12/06/2010 03:19 pm ET Updated May 25, 2011

Obama Now in No Mans Land

If it were my job to advise President Obama on what to do over the next two years to ensure his reelection, I'd probably quit. The political situation in Washington is now so dire it is hard to see any way for Obama to retake the initiative and pull the country out of the serious slump it is now in. And that could mean the end of his Presidency.

Obama's chronic weakness in the face of hard policy decisions and fighting the insane Republican Party is becoming increasingly dangerous for his prospects as a two term President. And he will have no one to blame but himself.

We've had a largely jobless recovery because Obama spent most of the nation's money on bailing out the financial sector and ensuring their CEO's got billion dollar bonuses. While the stimulus saved jobs, it hasn't created anything worth talking about because, as most serious economists warned, it was way too small to have a real impact. The Obama administration focused on helping rich people and placed its faith in them trickling the money down to the masses beneath them. Socialism was used to preserve Reaganomics, and the results have been completely predictable: Growth in corporate profits and unemployment and poverty for everyone else.

The Republicans and Fox News have convinced people that Obama has been enforcing a radical government take over of the country and that the lack of jobs is due to his interference. And so the public put the Republicans back in government. This means warfare for the next two years and even smaller leeway for Obama to enact intelligent legislation. The Republicans are now so far to the Right that to meet them halfway would be to shock even Ronald Reagan and Richard Nixon.

The result of this "bipartisan" policy (if they can even get there) will be more failure, more job losses and more bad PR for Obama -- because for some strange reason, the Democrats are completely unable to pin the blame on the awful state of the economy on the people who actually caused it (ie. corporate America and the Bush Administration). Instead, they allow the Republicans to rant and scream and blame them for everything. And in the classic case of an abused spouse, they refuse to argue back and make meek overtures of "working together" to resolve their differences.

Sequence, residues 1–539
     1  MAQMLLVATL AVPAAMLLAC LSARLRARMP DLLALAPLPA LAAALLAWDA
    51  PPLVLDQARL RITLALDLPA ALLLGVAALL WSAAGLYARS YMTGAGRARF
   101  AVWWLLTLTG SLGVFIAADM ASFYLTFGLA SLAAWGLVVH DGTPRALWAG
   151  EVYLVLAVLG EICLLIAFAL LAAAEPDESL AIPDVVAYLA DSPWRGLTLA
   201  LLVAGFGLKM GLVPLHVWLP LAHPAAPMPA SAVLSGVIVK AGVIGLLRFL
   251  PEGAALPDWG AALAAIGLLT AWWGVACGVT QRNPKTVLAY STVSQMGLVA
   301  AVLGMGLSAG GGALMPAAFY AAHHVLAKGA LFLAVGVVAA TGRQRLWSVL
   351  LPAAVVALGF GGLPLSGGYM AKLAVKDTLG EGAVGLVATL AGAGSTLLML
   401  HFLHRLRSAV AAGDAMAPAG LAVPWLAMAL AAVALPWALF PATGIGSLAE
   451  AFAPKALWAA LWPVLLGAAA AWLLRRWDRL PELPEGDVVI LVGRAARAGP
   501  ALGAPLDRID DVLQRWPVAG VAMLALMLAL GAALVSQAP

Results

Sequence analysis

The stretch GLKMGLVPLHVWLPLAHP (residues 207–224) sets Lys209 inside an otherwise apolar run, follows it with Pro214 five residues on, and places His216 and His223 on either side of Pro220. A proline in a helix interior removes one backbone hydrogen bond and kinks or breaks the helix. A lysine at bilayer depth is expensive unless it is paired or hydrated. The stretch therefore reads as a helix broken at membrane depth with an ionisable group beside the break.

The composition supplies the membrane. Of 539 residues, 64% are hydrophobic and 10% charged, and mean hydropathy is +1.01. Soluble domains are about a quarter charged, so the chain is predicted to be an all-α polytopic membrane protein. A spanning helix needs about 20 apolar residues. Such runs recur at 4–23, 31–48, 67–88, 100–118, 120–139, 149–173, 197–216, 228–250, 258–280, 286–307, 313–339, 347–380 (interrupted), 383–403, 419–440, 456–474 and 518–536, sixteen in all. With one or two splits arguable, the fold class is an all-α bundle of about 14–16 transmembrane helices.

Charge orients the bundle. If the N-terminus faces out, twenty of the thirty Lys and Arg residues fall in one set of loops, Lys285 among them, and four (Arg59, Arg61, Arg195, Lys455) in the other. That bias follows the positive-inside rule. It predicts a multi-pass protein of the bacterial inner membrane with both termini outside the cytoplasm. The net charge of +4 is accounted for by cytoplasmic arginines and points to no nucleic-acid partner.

In hard times, people want to see real leadership and bold decision making. And as we have seen with George Bush, it doesn't really matter what those decision are, at least in the short term. Obama could have set the wheels in motion for a serious restructuring of the country, but instead, he settled for piecemeal bits of legislation that patched up a rotting system on the verge of collapse.

Obama's window of opportunity to radically shake up the country has now gone. He achieved a few admirable goals -- a semi decent health care reform package, a partial stimulus that saved jobs, the closing of Guantanamo and the cessation of the use of torture as official policy.

Other than that, he has largely followed the policies of the previous administration, most tragically the war in Afghanistan, and the corporate socialist model that put the needs of the rich above everyone else's. His Presidency will be forever tarred with those choices and he will kick himself for not acting more boldly when he had the chance.

Obama seems like a nice guy, an astute politician with a thick skin and a gift for communication.

But his professorial, softly softly approach to very serious problems just will not cut it. I'm still waiting for the man who electrified the nation in 2008 to return to government. Because without him, the country will be doomed to Republican rule for another generation. And that could very well break the nation beyond the state of repair.

Ben Cohen is the editor of and founder of